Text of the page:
Two new collections of living poetry brought to the surface by the
When Michael Farrell’s collection, Open Sesame, appeared from Giramondo Press in Australia two years ago it had this comment on the back cover: ‘This poetry can be unsettling, and its abstract music is passionate as well as parodic. Farrell’s fractured narratives seem to settle in the reader’s mind where they become a form of pure lyricism’.
The Australian poet Henry Lawson (to whose memory a statue of the poet accompanied by a swagman, a fencepost and a dog was put up in Sidney in the early 1930s) becomes the title of one of these new fast-moving pieces which merge the world of Michael McClure and that parodic humour pointed out the blurb above.
reading henry lawson
i go into the snow &
see a rainbow. cars have action: streets shriek
‘our love affair.’
Quoting the tones of
ICE ISLAND SIGHLAND SIC ICELANDIC EYES
backpack, head full of ‘i’
words. don’t make me rue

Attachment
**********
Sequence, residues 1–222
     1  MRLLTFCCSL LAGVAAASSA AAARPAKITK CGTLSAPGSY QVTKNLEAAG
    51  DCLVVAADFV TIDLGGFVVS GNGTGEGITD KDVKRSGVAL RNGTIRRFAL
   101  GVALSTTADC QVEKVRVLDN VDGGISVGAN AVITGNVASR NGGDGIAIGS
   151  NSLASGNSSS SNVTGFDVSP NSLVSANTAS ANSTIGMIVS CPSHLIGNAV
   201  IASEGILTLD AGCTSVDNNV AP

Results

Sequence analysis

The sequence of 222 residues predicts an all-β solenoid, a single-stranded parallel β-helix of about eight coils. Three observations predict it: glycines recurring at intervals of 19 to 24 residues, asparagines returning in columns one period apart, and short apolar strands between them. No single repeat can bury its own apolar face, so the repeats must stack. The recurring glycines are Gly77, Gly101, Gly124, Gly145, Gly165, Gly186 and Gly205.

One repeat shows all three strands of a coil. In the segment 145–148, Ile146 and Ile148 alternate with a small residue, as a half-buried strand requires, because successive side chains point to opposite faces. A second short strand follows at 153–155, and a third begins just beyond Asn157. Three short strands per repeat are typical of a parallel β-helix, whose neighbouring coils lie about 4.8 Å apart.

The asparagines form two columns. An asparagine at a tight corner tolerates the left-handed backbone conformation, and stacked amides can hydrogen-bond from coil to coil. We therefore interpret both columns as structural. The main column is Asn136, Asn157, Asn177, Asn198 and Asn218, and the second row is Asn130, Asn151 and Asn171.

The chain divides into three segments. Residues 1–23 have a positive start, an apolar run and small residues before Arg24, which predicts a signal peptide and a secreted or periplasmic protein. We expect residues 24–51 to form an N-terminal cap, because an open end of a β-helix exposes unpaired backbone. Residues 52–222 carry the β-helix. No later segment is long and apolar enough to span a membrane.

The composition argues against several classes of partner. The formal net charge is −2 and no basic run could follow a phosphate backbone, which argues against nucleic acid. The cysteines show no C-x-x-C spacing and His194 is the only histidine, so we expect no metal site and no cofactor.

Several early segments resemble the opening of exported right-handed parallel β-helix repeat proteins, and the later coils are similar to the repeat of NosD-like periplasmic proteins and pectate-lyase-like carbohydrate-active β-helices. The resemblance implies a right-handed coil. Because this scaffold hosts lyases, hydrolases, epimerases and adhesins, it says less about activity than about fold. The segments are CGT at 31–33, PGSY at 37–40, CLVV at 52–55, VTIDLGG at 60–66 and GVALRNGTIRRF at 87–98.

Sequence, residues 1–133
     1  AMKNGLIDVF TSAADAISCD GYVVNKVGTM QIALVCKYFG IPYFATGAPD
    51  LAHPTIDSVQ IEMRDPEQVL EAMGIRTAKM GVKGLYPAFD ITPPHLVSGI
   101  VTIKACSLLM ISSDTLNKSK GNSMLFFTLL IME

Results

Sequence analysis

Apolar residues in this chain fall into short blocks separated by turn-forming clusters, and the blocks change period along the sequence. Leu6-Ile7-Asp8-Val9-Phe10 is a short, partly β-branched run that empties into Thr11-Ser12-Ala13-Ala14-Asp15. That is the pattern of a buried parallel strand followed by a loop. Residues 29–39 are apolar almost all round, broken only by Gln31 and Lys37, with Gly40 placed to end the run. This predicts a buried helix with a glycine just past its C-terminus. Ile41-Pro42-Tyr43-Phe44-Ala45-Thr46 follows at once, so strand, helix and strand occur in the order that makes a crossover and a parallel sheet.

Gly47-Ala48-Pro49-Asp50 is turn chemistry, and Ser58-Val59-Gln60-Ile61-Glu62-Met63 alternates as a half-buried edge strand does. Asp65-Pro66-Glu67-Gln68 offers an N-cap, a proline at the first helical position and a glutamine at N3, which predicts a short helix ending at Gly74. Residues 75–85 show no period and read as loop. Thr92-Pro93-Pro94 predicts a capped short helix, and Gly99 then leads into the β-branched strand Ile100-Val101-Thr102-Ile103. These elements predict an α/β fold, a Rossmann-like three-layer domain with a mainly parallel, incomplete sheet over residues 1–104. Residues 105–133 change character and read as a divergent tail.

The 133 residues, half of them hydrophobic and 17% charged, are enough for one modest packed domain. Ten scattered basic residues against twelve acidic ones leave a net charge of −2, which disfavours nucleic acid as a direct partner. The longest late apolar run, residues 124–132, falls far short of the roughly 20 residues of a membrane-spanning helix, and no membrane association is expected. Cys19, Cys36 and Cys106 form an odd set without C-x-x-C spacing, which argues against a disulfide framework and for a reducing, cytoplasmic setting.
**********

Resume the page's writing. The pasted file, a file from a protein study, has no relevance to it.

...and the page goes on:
the day i took up Spanish things. (hold
the tool in your would be
In his introduction to Talking Poetics, Dialogues in Innovative Poetry (Shearsman 2011) Scott Thurston reminded us that ‘writings have their own secret life which escapes the writer, which eludes her or him, and without which the whole endless, sacrificial labour of writing would be worthless’. Scott’s new sequence, Figure Detached, Figure Impermanent, gives us that truth on the page as we confront mystery and a compassionate understanding of cultural values:
This poem has already been read for you. Isn’t a word a site
of interaction? No need to overcome disagreement when
you throw yourself away so easily. Source the act.
Recognise, reject pattern; find equilibrium. In the luxury of
the past she went into character as a listener, the witness just
another brick in the wall.
Both these chapbooks are full of humour: mischievous and graceful, sharp-edged as comments upon the world. Whether it is Scott Thurston’s nod in the direction of Samuel L. Jackson’s hit-man in Pulp Fiction who tells his partner that it is time for them to ‘get into character’ or Michael Farrell’s shift of the name of a French poet, so dear to contemporary poetics, into a self-pummelling verb of astonishment (‘mallar me’) there is a vibrancy about these two volumes which make them worth ordering immediately.
Ian Brinton 4th April 2014.